A team of archaeologists of the Friedrich-Schiller University in Jena, Germany, found the oldest archaeological evidence of Jewish culture on the Iberian Peninsula at an excavation site near São Bartolomeu de Messines, in the Silves council.
The marble plate, measuring 40cmx60cm, had the name ‘Yehiel’ engraved in it and other letters yet to be deciphered.
The Jena archaeologists believe the new discovery might be a tomb slab as antlers found close to the tomb slab in the rubble gave a clue to the age of the find.
Excavation leader Dr Dennis Graen said: “The organic material of the antlers could be dated by radiocarbon analysis with certainty to about 390 AD. Therefore we have a so-called terminus ante quem (the limit before which) for the inscription.”
The earliest archaeological evidence of Jewish inhabitants in the region of modern-day Portugal has so far also been a tomb slab with a Latin inscription and an image of a menorah – a seven-branched candelabrum – from 482AD. The earliest Hebrew inscriptions known until now date from the sixth or seventh centuries AD.
For three years, the team of the University in Jena has been excavating a Roman villa in Portugal, discovered some years ago by Jorge Correia, archaeologist of the Silves council, during an archaeological survey near the village of São Bartolomeu de Messines.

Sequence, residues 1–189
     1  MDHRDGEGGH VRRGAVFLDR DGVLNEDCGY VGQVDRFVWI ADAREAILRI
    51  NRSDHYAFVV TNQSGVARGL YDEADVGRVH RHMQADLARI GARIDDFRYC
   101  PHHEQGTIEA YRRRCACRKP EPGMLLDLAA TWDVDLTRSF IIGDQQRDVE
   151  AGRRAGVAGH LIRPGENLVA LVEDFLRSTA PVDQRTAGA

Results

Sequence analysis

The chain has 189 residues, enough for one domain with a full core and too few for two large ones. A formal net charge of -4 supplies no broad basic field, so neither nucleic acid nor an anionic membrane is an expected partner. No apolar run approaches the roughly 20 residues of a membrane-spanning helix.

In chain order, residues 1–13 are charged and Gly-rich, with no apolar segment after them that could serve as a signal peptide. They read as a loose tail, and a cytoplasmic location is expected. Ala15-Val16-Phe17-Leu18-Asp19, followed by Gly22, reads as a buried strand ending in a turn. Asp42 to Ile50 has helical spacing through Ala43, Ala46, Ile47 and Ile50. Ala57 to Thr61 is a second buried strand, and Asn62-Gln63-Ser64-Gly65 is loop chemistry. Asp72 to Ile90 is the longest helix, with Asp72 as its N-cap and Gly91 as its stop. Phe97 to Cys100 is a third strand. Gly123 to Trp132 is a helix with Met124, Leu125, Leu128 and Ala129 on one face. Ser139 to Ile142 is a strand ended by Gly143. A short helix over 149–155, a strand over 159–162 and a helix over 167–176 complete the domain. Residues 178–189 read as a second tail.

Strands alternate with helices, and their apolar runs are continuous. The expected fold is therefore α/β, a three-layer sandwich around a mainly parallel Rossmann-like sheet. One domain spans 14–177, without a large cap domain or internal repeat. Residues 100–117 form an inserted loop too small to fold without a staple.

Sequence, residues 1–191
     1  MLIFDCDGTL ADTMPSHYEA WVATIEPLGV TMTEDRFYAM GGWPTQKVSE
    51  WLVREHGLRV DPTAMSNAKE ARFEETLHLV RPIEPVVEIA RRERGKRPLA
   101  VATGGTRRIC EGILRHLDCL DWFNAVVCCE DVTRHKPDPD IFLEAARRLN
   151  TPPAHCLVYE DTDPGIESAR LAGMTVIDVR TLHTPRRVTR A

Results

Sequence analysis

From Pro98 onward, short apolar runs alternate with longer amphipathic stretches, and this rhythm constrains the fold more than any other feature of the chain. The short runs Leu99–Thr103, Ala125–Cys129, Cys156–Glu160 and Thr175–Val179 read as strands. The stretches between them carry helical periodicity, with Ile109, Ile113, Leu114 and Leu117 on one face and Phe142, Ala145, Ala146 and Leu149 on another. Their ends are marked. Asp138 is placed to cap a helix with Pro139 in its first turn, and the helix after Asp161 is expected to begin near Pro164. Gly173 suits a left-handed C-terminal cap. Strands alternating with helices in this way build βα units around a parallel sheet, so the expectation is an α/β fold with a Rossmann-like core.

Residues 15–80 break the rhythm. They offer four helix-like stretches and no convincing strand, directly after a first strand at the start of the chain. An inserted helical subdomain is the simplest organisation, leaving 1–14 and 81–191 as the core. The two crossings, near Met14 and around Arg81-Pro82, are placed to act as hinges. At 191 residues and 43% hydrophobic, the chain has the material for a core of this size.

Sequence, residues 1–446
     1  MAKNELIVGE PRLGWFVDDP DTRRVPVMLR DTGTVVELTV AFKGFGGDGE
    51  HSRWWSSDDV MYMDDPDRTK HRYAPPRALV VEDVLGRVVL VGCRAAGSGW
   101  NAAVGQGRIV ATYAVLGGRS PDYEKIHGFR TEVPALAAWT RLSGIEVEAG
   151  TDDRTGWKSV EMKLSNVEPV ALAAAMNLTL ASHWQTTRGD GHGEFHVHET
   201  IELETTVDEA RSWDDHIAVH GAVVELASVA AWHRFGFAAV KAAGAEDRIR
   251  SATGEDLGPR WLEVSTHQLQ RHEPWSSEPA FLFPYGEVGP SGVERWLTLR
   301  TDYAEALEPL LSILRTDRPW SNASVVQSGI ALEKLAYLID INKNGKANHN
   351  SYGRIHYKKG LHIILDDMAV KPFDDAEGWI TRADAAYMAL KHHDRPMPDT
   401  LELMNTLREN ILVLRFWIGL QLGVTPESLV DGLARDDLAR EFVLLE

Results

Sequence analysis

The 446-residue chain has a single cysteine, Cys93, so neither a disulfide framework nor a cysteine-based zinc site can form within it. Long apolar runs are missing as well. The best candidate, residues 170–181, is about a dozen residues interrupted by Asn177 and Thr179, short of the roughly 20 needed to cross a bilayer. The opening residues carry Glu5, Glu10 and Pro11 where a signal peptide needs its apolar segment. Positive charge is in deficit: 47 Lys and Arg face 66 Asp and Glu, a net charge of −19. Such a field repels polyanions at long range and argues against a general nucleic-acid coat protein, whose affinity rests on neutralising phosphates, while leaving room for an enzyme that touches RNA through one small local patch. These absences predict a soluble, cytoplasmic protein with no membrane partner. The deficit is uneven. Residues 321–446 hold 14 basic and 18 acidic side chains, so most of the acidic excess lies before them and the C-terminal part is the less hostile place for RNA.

The project aimed at finding out how and what the inhabitants of the hinterland of the Roman province of Lusitania lived off. While the Portuguese coast region has been explored well, there is little knowledge about those regions.
Dennis Graen said: “Jordi Casanovas Miró from the Museu Nacional d’Art de Catalunya in Barcelona, a well-known expert for Hebrew inscriptions on the Iberian Peninsula, is sure that the Jewish name “Yehiel” can be read – a name that is already mentioned in the Bible.
“Never before have Jewish discoveries been made in a Roman villa.”
In the Roman Empire, Jews usually wrote in Latin as they feared oppressive measures.
Hebrew, as on the discovered marble plate, only came back into use after the decline of the Roman supremacy.
“We were also most surprised that we found traces of Romans – romanised Lusitanians in this case – and Jews living together in a rural area of all things,” said Dennis Graen.
“We knew that there was a Jewish community in the Middle Ages not far from our excavation site in the town of Silves. It existed until the expulsion of the Jews in the year 1497.”
In the summer, the Jena archaeologists will take up their work again.
So far, they have excavated 160sqm of the villa, but after checking the ground it has already become clear that the greater part of the enclosure is still covered in soil.